June 21, 2012
During the life span of an individual it is quite natural for one to experience a few funny, unpleasant and/or embarrassing situations and moments, and I had my share as well, in fact, I had more than the usual I should say, but in this article I am going to share with you only four of them that stand out which, I am sure, you will find funny and, perhaps, you can have a laugh at my cost as well.
I was prompted to write about these rather unpleasant stories and experiences that happened in my actual life after I read the recent article in the Daijiword by Mr Vivian Castelino entitled “What's life without humour”, which I thought was quite interesting and funny.
Story 1: The wrong telephone call that I answered!
I was newly married and busy at work one morning, when our Receptionist-cum-Telephone Operator (we had the centrally controlled telephone switch board with cords at that time) rang me up and said that I have a call from my wife. I took the telephone call and without bothering to verify the identity of the caller, I straightaway got into talking, “Hello darling, how are you sweet heart, and what makes you to ring me up and bother me, my love”, and so on, in the typical way how the conversation goes that of a newly married man to his wife, without giving the person on the phone an iota of a chance to respond.
I would have gone on like this for about half a minute or so, when abruptly I was interrupted by the lady on the phone and said “Excuse me gentleman, I think I got the wrong person – in fact I want to talk to my husband Mr. Crasto who works in the Production Department”. I got shock of my life, embarrassed and shameful I was, I meekly said sorry to the lady and asked her to hold on the line, and then informed the Receptionist that the lady on the line wants to speak to her husband Crasto and not me, Crasta. She apologized for her mistake and passed on the call to Mr. Crasto. Apparently, she had heard the name as “Crasta”and not “Crasto”.
Indeed, on that day I learnt a lesson, and then on, I would always identify the caller fully before I get into talking, and never to depend entirely upon the others, like in this particular instance, the Receptionist.
Story 2: My toddler son nearly gets me into trouble!
Life was very tough for me at that particular stage with a single income, a heavy mortgage to pay, and a young family with two toddler sons to support, the younger one was only 6 months old baby. I was always short of cash and it was indeed difficult to sustain and meet ends. It was a hand-to-mouth case and day-to-day survival, so to say.
It was the fortnightly ration collection day, and I had queued up at the local ration shop to collect my quota of rice, wheat and sugar, holding my young son in my arms, who was two and half years old. The queue was quite lengthy, and as we were approaching closer to the shop counter after quite a while, my toddler spotted the bars of Cadbury`s double decker chocolates, neatly stacked on the shelf of the ration shop.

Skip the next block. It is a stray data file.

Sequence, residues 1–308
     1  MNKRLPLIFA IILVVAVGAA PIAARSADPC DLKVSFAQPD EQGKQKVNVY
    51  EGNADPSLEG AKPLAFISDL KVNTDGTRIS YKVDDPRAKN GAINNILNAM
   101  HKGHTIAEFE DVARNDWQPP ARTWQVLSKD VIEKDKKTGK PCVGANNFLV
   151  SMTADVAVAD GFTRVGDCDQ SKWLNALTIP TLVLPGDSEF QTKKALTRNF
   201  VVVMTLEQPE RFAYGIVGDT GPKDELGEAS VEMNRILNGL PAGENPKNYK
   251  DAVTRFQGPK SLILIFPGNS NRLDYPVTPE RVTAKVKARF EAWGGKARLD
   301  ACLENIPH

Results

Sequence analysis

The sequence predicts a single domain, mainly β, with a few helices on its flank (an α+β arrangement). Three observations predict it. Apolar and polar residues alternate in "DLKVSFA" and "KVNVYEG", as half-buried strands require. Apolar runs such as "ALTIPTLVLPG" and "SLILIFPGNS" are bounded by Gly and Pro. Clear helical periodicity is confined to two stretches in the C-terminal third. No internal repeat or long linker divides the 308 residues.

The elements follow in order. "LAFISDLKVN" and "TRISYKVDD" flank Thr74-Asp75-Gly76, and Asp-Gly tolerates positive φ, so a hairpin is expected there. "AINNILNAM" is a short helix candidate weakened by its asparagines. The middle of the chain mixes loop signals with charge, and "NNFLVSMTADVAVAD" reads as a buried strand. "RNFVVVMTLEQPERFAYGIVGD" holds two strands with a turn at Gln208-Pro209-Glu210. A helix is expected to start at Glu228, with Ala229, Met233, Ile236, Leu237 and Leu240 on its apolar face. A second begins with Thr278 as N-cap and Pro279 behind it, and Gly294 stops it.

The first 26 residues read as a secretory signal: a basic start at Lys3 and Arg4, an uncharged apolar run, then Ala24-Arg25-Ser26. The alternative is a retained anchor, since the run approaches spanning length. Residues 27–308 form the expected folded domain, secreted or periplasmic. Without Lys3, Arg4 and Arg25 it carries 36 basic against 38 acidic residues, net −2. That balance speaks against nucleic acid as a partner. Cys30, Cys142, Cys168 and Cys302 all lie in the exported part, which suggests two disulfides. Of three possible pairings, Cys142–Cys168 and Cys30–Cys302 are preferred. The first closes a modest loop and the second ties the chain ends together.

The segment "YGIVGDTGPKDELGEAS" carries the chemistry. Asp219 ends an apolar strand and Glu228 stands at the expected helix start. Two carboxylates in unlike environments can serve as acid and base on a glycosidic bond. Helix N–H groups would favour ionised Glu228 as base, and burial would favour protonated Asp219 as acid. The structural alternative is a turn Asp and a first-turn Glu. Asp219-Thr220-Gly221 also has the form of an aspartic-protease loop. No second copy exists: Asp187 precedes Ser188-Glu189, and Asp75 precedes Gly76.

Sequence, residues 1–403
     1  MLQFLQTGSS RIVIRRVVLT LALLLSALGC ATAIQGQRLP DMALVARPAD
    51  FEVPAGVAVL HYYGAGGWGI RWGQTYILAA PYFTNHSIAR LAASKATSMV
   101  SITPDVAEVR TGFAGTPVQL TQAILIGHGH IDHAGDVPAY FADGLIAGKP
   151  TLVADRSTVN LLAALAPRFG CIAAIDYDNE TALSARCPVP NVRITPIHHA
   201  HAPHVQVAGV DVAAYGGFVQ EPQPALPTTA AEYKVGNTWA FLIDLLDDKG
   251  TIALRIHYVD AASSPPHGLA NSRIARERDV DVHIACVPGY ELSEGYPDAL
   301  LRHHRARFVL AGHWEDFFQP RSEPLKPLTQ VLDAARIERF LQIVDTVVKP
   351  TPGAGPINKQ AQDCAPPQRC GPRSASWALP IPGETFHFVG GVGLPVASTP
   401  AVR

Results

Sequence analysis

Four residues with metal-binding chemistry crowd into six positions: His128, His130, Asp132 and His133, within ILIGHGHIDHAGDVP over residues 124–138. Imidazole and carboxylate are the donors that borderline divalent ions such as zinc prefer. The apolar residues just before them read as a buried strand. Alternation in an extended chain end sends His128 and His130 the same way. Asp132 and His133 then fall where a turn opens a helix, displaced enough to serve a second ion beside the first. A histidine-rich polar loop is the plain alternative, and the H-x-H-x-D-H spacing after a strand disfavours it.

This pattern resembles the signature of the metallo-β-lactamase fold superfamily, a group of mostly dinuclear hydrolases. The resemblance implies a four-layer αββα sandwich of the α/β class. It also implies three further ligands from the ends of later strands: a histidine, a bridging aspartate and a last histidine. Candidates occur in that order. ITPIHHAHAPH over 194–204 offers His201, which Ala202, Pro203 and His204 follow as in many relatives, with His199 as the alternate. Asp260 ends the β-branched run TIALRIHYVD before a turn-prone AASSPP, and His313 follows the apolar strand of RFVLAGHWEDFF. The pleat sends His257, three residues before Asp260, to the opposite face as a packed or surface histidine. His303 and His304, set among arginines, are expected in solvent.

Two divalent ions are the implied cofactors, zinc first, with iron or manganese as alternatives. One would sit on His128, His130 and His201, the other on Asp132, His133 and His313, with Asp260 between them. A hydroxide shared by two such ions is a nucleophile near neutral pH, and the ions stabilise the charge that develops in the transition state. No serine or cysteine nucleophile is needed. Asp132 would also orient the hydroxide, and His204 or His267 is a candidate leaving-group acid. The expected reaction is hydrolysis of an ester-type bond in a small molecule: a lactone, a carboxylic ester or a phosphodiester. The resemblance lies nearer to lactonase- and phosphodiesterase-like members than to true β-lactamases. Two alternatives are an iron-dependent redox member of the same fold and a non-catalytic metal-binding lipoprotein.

Now, as a few readers might recall, this particular double decker chocolate was newly introduced to the market by the Cadburys sometime during 1977, when it was widely advertised on the TV as well. As you would know, children get attracted to the advertisements quickly, and in fact, they are very good at grasping such things, especially cold drinks like thumps up, coco cola, fanta, and biscuits and chocolates, and the like, and my little fellow was no exception.
My son had seen this chocolate bar on the TV a number of times earlier, and now that he saw it on the shelf, he straightaway recognized it and started pestering me that I should buy a packet or two for him. I simply told him in no uncertain terms that I could not buy the chocolates at that time because I had just enough cash to buy the rations, but told him that I would buy the same on another occasion. He would not listen to me though, and kept on bothering me for a while, but I did not relent either.
The queue had almost disappeared after a while, the ranting of my son had stopped, there were only two people ahead of us by then, when my son out of nowhere produced and quietly handed over to me a black wallet and said, ”Here is the money Dad, buy the chocolates”. I was shell shocked and speechless, and accosted him as to where did he get it from? He quietly replied that he took it out from the back pocket of the man`s pant standing in front of me in the queue. Apparently, it was projecting out from his pocket which my toddler had cleverly noticed when I had put him down for a while to ease myself from the pain of carrying him for a long time, and he had no difficulty in pinching it!.
I mildly tapped on the shoulder of the man in front and handed over his wallet to him intact and explained him the whole story and apologized profusely for the folly act and mischief of my toddler. While he was not amused or impressed by my son`s mischief, hearing my story and glancing at my toddler, however, he was so moved, that he offered to buy the chocolate bars for my son. While I thanked him for his kind offer and gesture, I told him quietly that I did have the money to buy the chocolate bars but simply did not want to buy. I did lie to him, though.
On the way back home I scolded my son that stealing or pinching someone`s property or the money like he did earlier, is a crime and is liable to be severely punished, and admonished him never to do such things again.
I learnt another great lesson from the whole saga on that day, viz. never to mention shortage of money to the children when they want something to be bought for them. I would rather tell them that the particular item was not good, or find some other excuse. Also from that day onwards I decided that I must keep a special watch on my young fellow, for, his hyper brain was working all the time.
While I do not condone for the act of my toddler in any way, a piece of advice though to the people who hang out their wallet or purse partially outside their pant pocket – do not allow your wallet to hang out, for it could be a temptation and easy prey to the pick-pockets.
In case you are wondering, I did buy the double-decker chocolate bars for my son on that day, though at the cost of forgoing half the quota of my sugar ration.
Story 3: My toddler was my saviour!